European Union

Facts & Figures

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The European Union’s (EU) Arctic endeavor was the source of much controversy over the last decade. Often perceived as an ‘external Arctic actor’, the EU has had difficulties proving its regional legitimacy to all Arctic states. Despite much debate on the its role in the Arctic, the EU can base its regional presence on a variety of interconnected dimensions. These include geographic, legal, political, environmental, economic and social factors.

Three EU member states – Denmark, Finland and Sweden – are also member states to the Arctic Council. The EU maintains close relationships with three other Arctic states/entities – Greenland, Iceland and Norway – either via the European Economic Area or the association of Overseas Countries and Territories. Although, not yet an observer to the Arctic Council itself, the EU and its Commission, respectively, are members of the Barents Euro-Arctic Council, and party to UNCLOS and all its connected agreements with direct or indirect Arctic relevance.

Additionally, the EU influences the region through pollution emissions and resource demand more so than the rest of the world because of its close geographic proximity to the region. It also makes available a broad range of funding dedicated to Arctic research and related cooperation. With regard to the issue of environmental impact, the EU was the first international actor to initiate an Arctic Footprint and Policy Assessment Report – an assessment of the EU’s actual footprint on the Arctic environment. Under its Seventh Framework Programme for Research (2007-2013) the Union contributed around €200 million for Arctic research projects and about €1.14 billion to regional development in the EU and neighboring Arctic regions in the same financial period.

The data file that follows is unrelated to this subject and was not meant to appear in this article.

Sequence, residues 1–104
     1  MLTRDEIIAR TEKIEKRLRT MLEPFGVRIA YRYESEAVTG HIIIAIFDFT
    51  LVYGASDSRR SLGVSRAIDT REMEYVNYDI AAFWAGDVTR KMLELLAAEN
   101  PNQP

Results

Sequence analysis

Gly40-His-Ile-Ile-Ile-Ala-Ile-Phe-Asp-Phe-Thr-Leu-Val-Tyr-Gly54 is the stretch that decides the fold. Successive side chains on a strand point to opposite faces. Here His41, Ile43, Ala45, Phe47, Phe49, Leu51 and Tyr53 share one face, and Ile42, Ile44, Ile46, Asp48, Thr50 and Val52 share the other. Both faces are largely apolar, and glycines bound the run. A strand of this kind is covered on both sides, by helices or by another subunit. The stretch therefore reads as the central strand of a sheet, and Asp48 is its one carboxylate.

Since 2008, the EU and its various institutions have issued 10 policy documents (see Table below) on the Arctic with the aim to create a coherent and integrated EU Arctic Policy. The policy aims to reconcile external/foreign, cross-border and internal issues, including fisheries, research, climate change, maritime transportation, and regional development, all eventually bound together under one geographical label (‘the Arctic’). Accordingly, it has three policy objectives: (1) protecting and preserving the Arctic in cooperation with the people who live there; (2) promoting sustainable use of resources; and (3) international cooperation.

European External Action Service: EU Arctic Policy:

European Commission, DG Maritime Affairs and Fisheries: Sea Basin Strategy Arctic Ocean:

EU Arctic Information Centre: